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June 6th, 2017 8:46 AM


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People are much easier to “hack” than technology and there are so many scams out there currently to trick people into providing access to sensitive information.  Some schemes even target the real estate industry.  It is important to know about these scams:

PHISHING, pronounced “fishing,” is a time-tested treachery which involves sending emails pretending to be from reputable companies in order to entice individuals to reveal personal information, such as passwords and credit card numbers.  It works because the message appears to come from a trusted source, such as your bank.  It usually contains a link or an attachment that needs your immediate attention.  Fear and urgency are often used and many times succeed.

Clicking the link takes you to a page that resembles the actual vendor, where you are asked to enter your current username and password and your NEW password.  DO NOT DO IT!  The phisher will then have access to your account.  Those links/attachments can also silently download and launch ransomware, malware or viruses that sniff out confidential information. 

To protect yourself, never click on links in emails.  No reputable site sends links requesting a password reset.  If you are concerned, go to the site on your own and log in normally to see if there is a real situation.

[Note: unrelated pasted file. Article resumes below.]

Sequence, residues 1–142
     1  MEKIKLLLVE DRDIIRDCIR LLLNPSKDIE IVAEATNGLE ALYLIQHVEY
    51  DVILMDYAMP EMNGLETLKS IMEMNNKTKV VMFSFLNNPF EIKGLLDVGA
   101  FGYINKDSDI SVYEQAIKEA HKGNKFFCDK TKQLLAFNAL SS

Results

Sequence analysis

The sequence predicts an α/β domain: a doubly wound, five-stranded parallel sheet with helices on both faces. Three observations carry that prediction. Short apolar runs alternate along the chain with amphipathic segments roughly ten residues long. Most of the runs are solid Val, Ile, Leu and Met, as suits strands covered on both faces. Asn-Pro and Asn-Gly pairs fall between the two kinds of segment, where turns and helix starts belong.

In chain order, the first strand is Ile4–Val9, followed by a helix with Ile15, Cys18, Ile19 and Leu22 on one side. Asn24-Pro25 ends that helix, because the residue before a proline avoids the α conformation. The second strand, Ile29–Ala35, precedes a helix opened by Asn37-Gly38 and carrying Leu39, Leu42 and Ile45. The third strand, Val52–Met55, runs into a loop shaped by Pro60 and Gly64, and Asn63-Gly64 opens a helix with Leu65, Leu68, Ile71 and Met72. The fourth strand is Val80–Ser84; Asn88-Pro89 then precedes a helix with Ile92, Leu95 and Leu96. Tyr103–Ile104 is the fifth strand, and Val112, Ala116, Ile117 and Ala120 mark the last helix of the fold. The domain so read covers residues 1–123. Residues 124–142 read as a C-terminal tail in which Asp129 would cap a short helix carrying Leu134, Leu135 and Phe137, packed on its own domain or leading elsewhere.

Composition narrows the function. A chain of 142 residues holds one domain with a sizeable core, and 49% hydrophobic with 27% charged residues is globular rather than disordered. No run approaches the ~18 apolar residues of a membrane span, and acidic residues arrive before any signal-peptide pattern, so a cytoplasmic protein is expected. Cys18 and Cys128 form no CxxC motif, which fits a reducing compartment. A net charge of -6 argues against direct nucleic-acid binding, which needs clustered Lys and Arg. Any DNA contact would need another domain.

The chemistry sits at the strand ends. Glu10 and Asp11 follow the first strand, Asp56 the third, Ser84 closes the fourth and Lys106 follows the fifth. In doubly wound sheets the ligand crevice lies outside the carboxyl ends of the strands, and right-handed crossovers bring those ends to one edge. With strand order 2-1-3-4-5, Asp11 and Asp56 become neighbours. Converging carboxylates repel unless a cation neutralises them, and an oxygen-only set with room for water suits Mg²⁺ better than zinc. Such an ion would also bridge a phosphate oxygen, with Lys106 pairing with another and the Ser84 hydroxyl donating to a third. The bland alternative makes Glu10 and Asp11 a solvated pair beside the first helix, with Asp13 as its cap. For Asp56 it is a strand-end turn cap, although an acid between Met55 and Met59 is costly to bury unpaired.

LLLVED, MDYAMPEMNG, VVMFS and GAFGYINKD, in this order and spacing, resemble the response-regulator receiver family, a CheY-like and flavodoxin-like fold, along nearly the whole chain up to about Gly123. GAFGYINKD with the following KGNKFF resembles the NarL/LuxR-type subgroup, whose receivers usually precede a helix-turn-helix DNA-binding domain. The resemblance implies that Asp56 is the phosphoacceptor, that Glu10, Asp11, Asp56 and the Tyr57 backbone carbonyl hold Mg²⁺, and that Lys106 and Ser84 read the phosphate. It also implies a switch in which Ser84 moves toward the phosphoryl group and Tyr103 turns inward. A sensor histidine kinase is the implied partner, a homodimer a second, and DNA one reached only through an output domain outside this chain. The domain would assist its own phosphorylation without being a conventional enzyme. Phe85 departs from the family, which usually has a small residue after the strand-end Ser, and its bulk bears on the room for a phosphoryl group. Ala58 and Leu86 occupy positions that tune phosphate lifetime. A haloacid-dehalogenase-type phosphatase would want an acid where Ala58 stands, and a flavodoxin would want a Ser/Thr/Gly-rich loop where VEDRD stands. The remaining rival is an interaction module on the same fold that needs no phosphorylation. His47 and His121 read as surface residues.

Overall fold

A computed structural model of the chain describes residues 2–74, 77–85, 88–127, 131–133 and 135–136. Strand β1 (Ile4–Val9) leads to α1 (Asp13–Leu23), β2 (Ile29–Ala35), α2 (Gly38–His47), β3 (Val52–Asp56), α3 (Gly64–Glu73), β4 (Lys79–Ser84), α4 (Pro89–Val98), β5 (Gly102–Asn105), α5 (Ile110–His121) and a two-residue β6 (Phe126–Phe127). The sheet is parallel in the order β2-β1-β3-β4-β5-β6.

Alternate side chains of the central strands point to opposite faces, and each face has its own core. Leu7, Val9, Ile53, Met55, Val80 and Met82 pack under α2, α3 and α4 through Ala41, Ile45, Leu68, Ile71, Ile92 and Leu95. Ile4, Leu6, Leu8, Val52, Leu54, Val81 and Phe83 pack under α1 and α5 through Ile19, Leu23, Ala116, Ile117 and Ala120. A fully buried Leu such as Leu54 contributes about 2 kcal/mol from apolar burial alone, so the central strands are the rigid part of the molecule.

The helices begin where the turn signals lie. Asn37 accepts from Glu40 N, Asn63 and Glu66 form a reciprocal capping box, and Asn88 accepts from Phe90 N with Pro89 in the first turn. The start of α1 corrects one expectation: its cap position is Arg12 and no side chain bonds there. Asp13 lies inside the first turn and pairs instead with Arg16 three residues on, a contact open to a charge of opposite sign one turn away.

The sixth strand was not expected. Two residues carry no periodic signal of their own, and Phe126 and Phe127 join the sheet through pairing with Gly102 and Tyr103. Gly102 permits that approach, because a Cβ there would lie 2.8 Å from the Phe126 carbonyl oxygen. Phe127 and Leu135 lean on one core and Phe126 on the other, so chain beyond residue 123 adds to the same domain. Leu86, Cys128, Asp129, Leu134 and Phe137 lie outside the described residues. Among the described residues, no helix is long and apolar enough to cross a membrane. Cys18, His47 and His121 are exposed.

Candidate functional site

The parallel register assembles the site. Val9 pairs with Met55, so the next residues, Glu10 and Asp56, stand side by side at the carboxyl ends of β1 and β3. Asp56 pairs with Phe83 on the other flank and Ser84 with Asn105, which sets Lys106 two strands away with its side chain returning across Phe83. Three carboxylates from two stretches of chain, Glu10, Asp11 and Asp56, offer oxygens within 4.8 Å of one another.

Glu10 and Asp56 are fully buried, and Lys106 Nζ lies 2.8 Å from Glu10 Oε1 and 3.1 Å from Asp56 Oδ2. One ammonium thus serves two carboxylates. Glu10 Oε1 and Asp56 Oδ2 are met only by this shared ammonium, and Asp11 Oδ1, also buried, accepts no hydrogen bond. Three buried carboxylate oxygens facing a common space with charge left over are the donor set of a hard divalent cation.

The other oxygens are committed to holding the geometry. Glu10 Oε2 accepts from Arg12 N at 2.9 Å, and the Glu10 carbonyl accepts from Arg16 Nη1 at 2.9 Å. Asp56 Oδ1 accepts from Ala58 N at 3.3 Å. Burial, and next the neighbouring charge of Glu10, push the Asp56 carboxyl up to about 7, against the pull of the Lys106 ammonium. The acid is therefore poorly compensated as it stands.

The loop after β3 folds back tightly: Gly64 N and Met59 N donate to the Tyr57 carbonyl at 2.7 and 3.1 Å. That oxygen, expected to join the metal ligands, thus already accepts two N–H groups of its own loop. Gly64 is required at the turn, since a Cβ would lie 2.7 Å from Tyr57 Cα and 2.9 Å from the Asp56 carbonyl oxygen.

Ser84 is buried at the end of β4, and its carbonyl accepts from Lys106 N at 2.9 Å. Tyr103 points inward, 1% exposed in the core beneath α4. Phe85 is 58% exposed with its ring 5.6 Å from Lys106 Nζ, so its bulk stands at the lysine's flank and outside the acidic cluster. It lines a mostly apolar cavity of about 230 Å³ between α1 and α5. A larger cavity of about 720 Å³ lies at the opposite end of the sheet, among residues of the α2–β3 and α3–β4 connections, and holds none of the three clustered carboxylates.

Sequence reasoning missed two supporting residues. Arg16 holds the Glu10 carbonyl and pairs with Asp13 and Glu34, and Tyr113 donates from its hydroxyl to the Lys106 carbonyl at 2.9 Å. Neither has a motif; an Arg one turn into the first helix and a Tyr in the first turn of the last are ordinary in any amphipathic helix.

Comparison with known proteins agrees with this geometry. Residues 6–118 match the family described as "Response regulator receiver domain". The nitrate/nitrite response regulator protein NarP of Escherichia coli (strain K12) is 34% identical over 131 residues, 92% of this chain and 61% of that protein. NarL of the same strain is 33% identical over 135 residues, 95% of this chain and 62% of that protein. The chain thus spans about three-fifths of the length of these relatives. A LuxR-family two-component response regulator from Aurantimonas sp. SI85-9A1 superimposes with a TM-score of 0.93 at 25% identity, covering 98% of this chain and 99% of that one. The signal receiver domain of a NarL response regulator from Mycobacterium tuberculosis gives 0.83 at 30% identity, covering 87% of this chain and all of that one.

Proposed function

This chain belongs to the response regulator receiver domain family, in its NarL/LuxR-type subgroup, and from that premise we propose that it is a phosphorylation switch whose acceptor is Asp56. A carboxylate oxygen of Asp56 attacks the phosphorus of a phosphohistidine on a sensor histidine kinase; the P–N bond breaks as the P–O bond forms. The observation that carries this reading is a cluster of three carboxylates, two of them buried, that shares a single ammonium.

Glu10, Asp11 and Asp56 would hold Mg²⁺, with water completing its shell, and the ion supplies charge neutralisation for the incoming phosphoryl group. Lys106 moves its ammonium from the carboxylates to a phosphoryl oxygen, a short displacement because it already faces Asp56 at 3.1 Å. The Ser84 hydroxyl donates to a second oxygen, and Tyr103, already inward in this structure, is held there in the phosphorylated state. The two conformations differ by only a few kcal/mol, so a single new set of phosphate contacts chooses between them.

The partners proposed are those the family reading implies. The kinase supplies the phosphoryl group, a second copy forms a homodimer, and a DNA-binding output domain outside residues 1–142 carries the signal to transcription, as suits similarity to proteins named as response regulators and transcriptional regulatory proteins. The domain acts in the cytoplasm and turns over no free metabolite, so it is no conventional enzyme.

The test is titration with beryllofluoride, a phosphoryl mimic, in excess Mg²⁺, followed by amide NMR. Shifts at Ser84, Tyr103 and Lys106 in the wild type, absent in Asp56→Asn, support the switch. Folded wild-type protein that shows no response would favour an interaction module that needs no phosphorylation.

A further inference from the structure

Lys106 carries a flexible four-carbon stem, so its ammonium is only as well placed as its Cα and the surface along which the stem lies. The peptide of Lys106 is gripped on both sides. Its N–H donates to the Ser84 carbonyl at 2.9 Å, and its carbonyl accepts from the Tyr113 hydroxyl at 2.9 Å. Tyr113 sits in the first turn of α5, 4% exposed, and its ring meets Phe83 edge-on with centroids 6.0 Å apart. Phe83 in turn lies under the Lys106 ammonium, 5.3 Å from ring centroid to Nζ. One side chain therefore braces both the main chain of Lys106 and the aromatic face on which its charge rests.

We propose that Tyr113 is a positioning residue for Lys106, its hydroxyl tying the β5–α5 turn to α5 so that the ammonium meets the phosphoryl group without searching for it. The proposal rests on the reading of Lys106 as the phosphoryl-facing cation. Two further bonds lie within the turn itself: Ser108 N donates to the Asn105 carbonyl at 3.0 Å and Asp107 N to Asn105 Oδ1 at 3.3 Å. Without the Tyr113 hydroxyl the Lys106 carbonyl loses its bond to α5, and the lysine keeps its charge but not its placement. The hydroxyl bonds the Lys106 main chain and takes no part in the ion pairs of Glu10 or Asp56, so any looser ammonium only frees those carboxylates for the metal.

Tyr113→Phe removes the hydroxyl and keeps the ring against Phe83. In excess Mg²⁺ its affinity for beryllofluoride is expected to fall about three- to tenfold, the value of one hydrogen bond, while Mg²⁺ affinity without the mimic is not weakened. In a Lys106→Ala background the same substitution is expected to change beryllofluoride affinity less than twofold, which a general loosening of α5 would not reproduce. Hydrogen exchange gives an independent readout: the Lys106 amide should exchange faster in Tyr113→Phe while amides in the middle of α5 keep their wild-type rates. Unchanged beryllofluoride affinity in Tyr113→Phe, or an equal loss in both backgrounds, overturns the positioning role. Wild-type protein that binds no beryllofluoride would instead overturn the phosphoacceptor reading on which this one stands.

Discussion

VISHING is similar to phishing, but done by voice over the phone, with the scammer pretending to be someone else.  If you receive a call from a vendor asking for sensitive information, tell them you’ll call them right back, . . . .  but when you do, use the contact information on file for that vendor or company.  This way, YOU are initiating the call and can be certain you are talking to the correct individual.

REAL ESTATE WIRE FRAUD has been an ongoing problem for the past several years and is a state- wide concern.  For over two years, hackers have been hijacking email accounts belonging to real estate licensees and other parties to transactions, (such as lenders, attorneys, title companies, etc.) to learn about pending transactions and likely closing dates.  The scammer then poses as a party to the transaction and sends the buyer false wiring instructions.  Since the scammer knows several key facts about the transaction, it is easy to construct a plausible message and trick the buyer into wiring money into the wrong account.  When sending money to close on a home, BE SURE TO VERIFY ALL ACCOUNT NUMBERS AND ANY CHANGES BY MAKING A PHONE CALL to the attorney or title company handling the closing BEFORE wiring any funds!!  Many sellers and buyers have lost thousands of dollars to this type of scam and it is still happening.  Work with your real estate agent closely to CONFIRM that all information is correct. 

We live in a massive world of technology which has given us endless conveniences but unfortunately, it has also opened up the door for unscrupulous individuals to commit fraud and take advantage of honest and trustworthy individuals.

Written by Barbara Doeringer

Posted in:Real Estate
Posted by Allen Doeringer on June 6th, 2017 8:46 AMPost a Comment

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